snakemake results.txt

then we get:

Provided cores: 1
Rules claiming more threads will be scaled down.
Job counts:
	count	jobs
	1	count_words
	1	count_words_abyss
	1	zipf_test
	3

rule count_words_abyss:
    input: wordcount.py, books/abyss.txt
    output: abyss.dat
    jobid: 2

Finished job 2.
1 of 3 steps (33%) done

rule count_words:
    input: wordcount.py, books/isles.txt
    output: isles.dat
    jobid: 1

Finished job 1.
2 of 3 steps (67%) done

rule zipf_test:
    input: abyss.dat, last.dat, isles.dat
    output: results.txt
    jobid: 0

Finished job 0.
3 of 3 steps (100%) done

The whole pipeline is triggered, even the creation of the results.txt file! To understand this, note that according to the dependency figure, results.txt depends on the .dat files. The update of wordcount.py triggers an update of the *.dat files. Thus, make sees that the dependencies (the .dat files) are newer than the target file (results.txt) and thus it recreates results.txt. This is an example of the power of make: updating a subset of the files in the pipeline triggers rerunning the appropriate downstream steps.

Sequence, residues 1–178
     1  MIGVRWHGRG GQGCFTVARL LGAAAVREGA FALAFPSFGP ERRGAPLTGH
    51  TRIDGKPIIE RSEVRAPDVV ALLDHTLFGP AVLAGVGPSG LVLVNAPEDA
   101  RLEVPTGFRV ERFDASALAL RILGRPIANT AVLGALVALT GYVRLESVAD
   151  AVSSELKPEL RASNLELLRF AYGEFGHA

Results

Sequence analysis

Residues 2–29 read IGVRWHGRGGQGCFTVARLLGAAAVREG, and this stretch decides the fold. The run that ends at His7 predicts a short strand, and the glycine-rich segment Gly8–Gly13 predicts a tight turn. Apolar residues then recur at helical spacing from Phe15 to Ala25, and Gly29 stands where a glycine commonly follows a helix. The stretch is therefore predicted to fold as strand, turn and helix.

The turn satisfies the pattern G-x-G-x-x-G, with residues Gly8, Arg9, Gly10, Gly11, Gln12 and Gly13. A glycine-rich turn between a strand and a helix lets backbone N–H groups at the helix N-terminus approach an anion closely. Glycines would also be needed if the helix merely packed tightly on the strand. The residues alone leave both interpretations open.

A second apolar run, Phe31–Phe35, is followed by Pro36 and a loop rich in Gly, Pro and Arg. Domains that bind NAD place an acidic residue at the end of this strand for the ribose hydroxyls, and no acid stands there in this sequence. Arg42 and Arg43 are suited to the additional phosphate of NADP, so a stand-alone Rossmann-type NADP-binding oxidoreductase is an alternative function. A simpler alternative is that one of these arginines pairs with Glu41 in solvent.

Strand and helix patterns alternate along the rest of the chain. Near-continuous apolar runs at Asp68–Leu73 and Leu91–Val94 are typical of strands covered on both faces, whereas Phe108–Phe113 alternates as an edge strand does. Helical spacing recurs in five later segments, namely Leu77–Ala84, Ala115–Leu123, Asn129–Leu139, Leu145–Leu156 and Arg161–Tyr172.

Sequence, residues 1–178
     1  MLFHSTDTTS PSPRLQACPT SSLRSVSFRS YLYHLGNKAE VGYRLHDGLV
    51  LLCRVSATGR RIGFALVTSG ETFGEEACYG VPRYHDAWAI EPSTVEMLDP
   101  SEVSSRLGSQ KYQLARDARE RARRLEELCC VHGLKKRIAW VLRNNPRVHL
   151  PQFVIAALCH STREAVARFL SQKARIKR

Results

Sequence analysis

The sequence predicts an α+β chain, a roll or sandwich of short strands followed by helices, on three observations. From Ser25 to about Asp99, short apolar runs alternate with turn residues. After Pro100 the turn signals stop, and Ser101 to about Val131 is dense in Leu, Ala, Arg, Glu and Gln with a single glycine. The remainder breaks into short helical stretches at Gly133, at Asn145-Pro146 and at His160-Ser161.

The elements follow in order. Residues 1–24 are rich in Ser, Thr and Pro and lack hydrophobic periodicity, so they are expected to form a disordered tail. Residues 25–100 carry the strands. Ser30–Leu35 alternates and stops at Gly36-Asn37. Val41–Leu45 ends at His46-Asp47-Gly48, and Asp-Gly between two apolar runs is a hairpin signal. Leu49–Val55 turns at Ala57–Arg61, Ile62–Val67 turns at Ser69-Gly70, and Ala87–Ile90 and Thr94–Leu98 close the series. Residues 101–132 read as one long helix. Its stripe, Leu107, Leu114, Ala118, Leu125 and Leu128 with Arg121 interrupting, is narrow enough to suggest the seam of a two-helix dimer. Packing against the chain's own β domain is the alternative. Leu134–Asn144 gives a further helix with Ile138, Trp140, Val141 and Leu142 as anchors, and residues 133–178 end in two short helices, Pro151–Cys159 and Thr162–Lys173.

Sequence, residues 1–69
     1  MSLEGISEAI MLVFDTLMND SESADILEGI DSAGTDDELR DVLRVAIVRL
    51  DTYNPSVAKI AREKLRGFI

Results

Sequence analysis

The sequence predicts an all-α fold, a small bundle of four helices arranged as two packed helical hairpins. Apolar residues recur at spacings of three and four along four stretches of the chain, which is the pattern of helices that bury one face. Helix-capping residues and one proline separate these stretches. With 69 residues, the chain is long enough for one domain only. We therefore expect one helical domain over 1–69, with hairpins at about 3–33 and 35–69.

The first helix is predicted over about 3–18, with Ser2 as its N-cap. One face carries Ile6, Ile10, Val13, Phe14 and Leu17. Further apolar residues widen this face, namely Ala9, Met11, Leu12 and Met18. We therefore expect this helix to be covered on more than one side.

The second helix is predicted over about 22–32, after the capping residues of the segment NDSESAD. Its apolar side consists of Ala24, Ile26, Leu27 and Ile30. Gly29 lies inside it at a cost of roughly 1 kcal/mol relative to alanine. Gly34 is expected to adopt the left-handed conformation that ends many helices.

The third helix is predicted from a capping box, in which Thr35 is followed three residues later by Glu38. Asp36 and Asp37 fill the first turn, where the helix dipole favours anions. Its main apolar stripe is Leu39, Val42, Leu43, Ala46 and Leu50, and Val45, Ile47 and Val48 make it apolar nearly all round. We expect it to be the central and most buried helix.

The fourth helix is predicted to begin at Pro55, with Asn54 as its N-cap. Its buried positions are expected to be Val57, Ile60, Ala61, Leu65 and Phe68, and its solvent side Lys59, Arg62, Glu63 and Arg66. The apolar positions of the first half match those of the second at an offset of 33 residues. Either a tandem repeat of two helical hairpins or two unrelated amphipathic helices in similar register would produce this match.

Updating One Input File

What will happen if you now execute:

touch books/last.txt
make results.txt
  1. only last.dat is recreated
  2. all .dat files are recreated
  3. only last.dat and results.txt are recreated
  4. all .dat and results.txt are recreated

More dependencies…

Add zipf_test.py as a dependency of results.txt Which method do you prefer here, indexing or named input files? Yes, this will be clunky, but we’ll fix that part later! Remember that you can do a dry run with snakemake -n -p!

Key Points